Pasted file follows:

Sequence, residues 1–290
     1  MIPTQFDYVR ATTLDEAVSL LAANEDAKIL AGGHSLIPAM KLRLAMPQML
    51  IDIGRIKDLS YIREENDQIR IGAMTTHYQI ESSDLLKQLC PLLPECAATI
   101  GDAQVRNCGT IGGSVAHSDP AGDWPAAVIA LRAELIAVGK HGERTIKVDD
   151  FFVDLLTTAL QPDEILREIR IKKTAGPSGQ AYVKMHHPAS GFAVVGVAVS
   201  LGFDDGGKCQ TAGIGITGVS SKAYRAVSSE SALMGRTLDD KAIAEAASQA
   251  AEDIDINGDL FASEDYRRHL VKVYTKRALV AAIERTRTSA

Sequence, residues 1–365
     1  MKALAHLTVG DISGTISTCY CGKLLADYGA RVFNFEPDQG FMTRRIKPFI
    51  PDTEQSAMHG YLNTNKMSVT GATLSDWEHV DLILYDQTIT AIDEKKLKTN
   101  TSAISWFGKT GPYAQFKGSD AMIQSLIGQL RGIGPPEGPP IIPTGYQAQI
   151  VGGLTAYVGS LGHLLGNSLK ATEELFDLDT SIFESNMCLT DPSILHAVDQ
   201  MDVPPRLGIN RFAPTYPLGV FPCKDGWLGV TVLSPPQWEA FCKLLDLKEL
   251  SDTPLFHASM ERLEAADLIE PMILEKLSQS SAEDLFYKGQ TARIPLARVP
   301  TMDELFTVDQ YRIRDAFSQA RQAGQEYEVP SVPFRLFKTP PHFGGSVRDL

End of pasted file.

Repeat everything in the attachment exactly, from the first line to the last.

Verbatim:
Sequence, residues 1–290
     1  MIPTQFDYVR ATTLDEAVSL LAANEDAKIL AGGHSLIPAM KLRLAMPQML
    51  IDIGRIKDLS YIREENDQIR IGAMTTHYQI ESSDLLKQLC PLLPECAATI
   101  GDAQVRNCGT IGGSVAHSDP AGDWPAAVIA LRAELIAVGK HGERTIKVDD
   151  FFVDLLTTAL QPDEILREIR IKKTAGPSGQ AYVKMHHPAS GFAVVGVAVS
   201  LGFDDGGKCQ TAGIGITGVS SKAYRAVSSE SALMGRTLDD KAIAEAASQA
   251  AEDIDINGDL FASEDYRRHL VKVYTKRALV AAIERTRTSA

Sequence, residues 1–365
     1  MKALAHLTVG DISGTISTCY CGKLLADYGA RVFNFEPDQG FMTRRIKPFI
    51  PDTEQSAMHG YLNTNKMSVT GATLSDWEHV DLILYDQTIT AIDEKKLKTN
   101  TSAISWFGKT GPYAQFKGSD AMIQSLIGQL RGIGPPEGPP IIPTGYQAQI
   151  VGGLTAYVGS LGHLLGNSLK ATEELFDLDT SIFESNMCLT DPSILHAVDQ
   201  MDVPPRLGIN RFAPTYPLGV FPCKDGWLGV TVLSPPQWEA FCKLLDLKEL
   251  SDTPLFHASM ERLEAADLIE PMILEKLSQS SAEDLFYKGQ TARIPLARVP
   301  TMDELFTVDQ YRIRDAFSQA RQAGQEYEVP SVPFRLFKTP PHFGGSVRDL